Golf Down Under: Australia's Best Courses

Australia is one of the most popular travel spots in the world. Though many visitors come to play on the thousands of beaches or to venture into the outback to see animals not found anywhere else in the world, Australia also has some world class golf courses. Golf remains very popular in the country, with about 10% of the population playing by some estimates. Golfing hot beds are in Tasmania and Melbourne’s “Sand Belt,” but a good round of golf can be had nearly anywhere in coastal Australia. The following is a list of Australia’s 5 best courses. 

 


New South Wales Golf Club


photo courtesy New South Wales Golf Club

1528 Anzac Parade
La Perouse, NSW 2036
https://www.nswgolfclub.com.au/cms/

Any course designed by Alister MacKenzie, British architect of many notable courses such as Cypress Point Club and the famed Augusta National, is likely to make the list. And rest assured, this is the first MacKenzie entrance, but not the last, on this list. This course combines both links style and parkland style holes, providing variety for golfers. The course is known for its amazing views of Botany Bay, and those sea breezes come into play often. In fact, expect holes to play in all four cardinal directions just to make the wind challenge more acute, as the course seeks to punish errant shots. However, despite its difficulty, New South Wales Golf Club provides a fair game to all challengers.

 


Kingston Heath Golf Club


photo courtesy PGA Tour

Kingston Road
Cheltenham, VIC 3192
http://kingstonheath.melbourne/ 

The suburban Melbourne Kingston Heath Golf Club was founded in 1909, and moved to their present location in 1925. Their new course was designed by Dan Soutar, with bunkering advice given by none other than Alister MacKenzie in 1926. This highly exclusive club is routinely considered one of the world’s best, and has hosted numerous high profile tournaments throughout its long history. The course is noted for its use of natural bunkering and is the epitome of strategic golf. If you are lucky enough to play the course be ready for firm and fast greens and fairways that often lead into deep sand bunkers and natural rough. Truly a world class challenge to any golfer visiting Australia.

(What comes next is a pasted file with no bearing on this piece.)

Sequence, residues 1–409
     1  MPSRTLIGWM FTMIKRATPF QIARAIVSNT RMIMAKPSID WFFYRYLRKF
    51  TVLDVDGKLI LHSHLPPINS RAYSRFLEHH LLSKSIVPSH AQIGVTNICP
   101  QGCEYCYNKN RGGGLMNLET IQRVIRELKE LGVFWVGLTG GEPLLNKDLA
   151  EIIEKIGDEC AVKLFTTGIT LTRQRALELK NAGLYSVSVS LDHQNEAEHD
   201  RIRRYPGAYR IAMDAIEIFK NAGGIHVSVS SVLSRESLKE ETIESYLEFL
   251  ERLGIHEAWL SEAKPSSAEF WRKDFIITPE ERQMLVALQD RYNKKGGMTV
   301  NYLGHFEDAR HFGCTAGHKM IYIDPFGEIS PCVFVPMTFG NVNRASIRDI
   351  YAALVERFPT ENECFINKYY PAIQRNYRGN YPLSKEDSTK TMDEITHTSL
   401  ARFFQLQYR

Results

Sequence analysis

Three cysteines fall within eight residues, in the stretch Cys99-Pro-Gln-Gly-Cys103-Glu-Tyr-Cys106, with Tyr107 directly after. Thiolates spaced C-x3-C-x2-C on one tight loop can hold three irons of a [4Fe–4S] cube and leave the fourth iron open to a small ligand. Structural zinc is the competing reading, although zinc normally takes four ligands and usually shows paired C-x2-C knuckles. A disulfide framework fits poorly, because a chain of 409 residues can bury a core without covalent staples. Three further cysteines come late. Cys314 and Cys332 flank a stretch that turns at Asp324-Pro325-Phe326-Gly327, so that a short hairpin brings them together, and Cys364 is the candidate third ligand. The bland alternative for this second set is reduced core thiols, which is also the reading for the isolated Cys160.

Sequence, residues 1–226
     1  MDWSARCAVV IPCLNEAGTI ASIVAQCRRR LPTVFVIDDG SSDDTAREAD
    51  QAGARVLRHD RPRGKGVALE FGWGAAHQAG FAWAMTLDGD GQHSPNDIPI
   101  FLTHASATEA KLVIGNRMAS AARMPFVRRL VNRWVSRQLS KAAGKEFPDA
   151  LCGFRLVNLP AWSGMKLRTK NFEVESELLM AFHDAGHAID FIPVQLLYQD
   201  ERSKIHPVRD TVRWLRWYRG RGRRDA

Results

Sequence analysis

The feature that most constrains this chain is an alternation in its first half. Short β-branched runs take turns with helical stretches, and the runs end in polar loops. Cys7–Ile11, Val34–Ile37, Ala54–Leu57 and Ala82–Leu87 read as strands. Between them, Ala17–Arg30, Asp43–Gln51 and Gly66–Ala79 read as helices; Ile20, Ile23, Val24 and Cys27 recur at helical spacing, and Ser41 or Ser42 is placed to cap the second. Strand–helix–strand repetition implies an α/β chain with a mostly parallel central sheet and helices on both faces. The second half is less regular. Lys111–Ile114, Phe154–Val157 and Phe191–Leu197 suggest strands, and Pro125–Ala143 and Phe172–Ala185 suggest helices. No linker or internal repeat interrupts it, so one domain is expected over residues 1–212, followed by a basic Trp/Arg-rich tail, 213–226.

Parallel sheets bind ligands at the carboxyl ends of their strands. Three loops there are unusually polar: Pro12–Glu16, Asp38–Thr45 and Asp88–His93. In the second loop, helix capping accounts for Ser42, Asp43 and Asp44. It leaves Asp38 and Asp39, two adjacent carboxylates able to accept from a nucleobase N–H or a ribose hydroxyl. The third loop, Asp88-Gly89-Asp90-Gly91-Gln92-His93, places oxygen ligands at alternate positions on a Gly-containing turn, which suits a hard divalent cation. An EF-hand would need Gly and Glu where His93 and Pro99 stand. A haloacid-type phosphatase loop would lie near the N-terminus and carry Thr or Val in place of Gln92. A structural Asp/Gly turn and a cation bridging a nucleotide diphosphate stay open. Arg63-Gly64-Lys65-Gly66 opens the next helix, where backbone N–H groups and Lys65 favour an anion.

Barnbougle Dunes 


photo courtesy Barnbougle Dunes

425 Waterhouse Road
Bridport, TAS 7262
https://barnbougle.com.au/

Moving off the mainland and South to the island of Tasmania, Barnbougle Dunes is the premier course at Barnbougle Golf (though the Old Farm course is certainly no slouch either). The course is relatively new, only opening in 2005 after its design by Tom Doak and Mike Clayton. The course is surrounded by large natural sand dunes and utilizes a links style layout to provide a stern test for golfers. The real genius of this design is how well the layout hugs the natural landscape, shaped by the natural rolling topography and sandy terrain. It is the kind of course that a purist will absolutely love as it relies purely on skill, not gimmicks, to create an Australian masterpiece. 

 


Cape Wickham Links


photo courtesy Cape Wickham Links

Cape Wickham Road
Wickham, TAS 7256
http://capewickham.com.au/

Cape Wickham Links is an even newer course, opening in 2015, and is part of growing group of courses rapidly turning Tasmania into a premier golfing destination. The course was designed by Mike DeVries and features 8 holes played along the rocky coast. Views here are spectacular, with the ocean in view on every single hole. Players must contend with the “Roaring Forties,” the local name for the westerly blowing trade winds, not to mention the knee-high grass and forced carries. The course is definitely challenging, but it is playable as long as golfers use bump and run tactics and play strategically. 

 


Royal Melbourne Golf Club


photo courtesy Australian Golf Digest

Cheltenham Rd
Black Rock, VIC 3193, Australia
https://www.royalmelbourne.com.au/cms/

Australia’s oldest golf club, The Royal Melbourne, is home to the world famous West course. The course, like the New South Wales Golf Club’s, was designed by Alister MacKenzie. The course is widely seen as a “second shot” course as the relatively wide fairways provide some comfort in tee shots. However, approach shots must be accurate or golfers will be punished by difficult greens and strategic bunkering and scrambling for par. The variety of holes is what keeps golfers coming back as no two holes employ the same challenge. Beautifully maintained and designed, it’s no surprise that Royal Melbourne’s West course is routinely listed as Australia’s best course. 
 

 

 

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